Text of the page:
Send out an e-mail to your top donors letting them know that you’ve got big… huge… monumental news (this assumes that you have such news, like “We’re moving” or “We’re raising money to start a new program” etc.)  Tell them to watch their mailboxes.

Then, a day or two after the e-mail, send your top donors a letter by certified mail that tells them the news, and why it is so important.  Tell them why you need money, right now, in relation to that good news, and include a return envelope.

People almost always open certified mail and read it carefully.  If you’ve got a good list, great news, and a good reason why you need the money, this might just be a great way to raise money for your non-profit.


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Andrew Brandt October 20, 2011 at 7:19 pm

For the low-end event, I’d try to tie it in with the local community’s traditions. Instead of hot dogs or burgers and beer, I’d have Bratwurst und Bier for a German heritage community; or a Gumbo-a-thom in Louisiana, Big Apple dumplings or cheese cake in New York City, etc. Barbecue or chili should work almost anywhere in the South.

For the Reverse Raflle, I’d be careful about putting your donors in a situation where they could be embarrassed. Even if it is in good fun, some people could get upset — depends how it is presented. I’d rather have every board member donate 1 bottle of nice wine (or a 6-pack of good beer to go along with the Bratwurst event) and raffle it off. Perhaps cut a deck of cards in half and limit the number of chances to 52-54 (for a Poker deck) to increase the chances of winning (also have 2 to 4 prizes – depending on the number of board members). This is NOT a good idea for MADD or AA or Gamblers’ Anonymous, of course, so check your mission statement first and your guest list second. (Lot’s of kids with their parents? Forget the alcohol and try something else.)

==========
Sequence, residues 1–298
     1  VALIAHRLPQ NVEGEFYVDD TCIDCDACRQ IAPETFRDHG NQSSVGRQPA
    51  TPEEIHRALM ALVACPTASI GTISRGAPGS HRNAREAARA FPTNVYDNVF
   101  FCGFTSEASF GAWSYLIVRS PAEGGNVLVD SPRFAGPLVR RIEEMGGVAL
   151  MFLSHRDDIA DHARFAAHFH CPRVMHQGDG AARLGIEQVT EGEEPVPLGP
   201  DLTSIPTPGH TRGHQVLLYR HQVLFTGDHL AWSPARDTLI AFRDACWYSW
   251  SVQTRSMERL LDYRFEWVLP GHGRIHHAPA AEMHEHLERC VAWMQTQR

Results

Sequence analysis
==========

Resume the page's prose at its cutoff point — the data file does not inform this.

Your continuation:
My 2 cents (2 ideas) for the idea factory.


Joe Garecht October 24, 2011 at 2:50 pm

Andrew- thanks for your comments and thoughts. Great ideas!!!

For the low end event, I totally agree. Localized / personalized works wonders! For example, a non-profit I worked with in Philadelphia was throwing around the idea of doing a “Cheesesteak Crawl” (like a pub crawl, except the participants went from cheesesteak joint to cheesesteak joint, enjoying sample-size sandwiches at each).

On the reverse raffle, I agree that it has to be done right, and that any one organization’s mileage will vary with this one.

Thanks for your thoughts!

Chelsea Blasco November 2, 2011 at 4:30 pm

For the reverse raffle, not only have them sell back their ticket to get their name out of the drawing but can pay more to put your friends name on the ticket entered instead.

Aletha March 22, 2013 at 8:05 pm

There is a group in my town that does a thing similar to the reverse raffle without embarrassment. If your name is drawn you’re out and the last one left wins. The prize can be split between up to the top 3 if they choose to split and tickets are $100 per person they have local vendors provide food as a way to promote their business and do a 50/50 prize. It’s a hit every year.

Kim Warren January 30, 2017 at 8:48 am

Great blog post! Whatever fundraising a nonprofit ends up doing, one important thing to keep in mind is that a nonprofit needs to be clear about where donor’s and supporter’s donations are going to. For example, a special education program fundraiser for a nonprofit might be that a $50.00 donation would buy books and school supplies for one student for the entire month. A visual image showing books, school supplies and a donation amount could be created and then that image could be posted on social media along with a link to your fundraising site.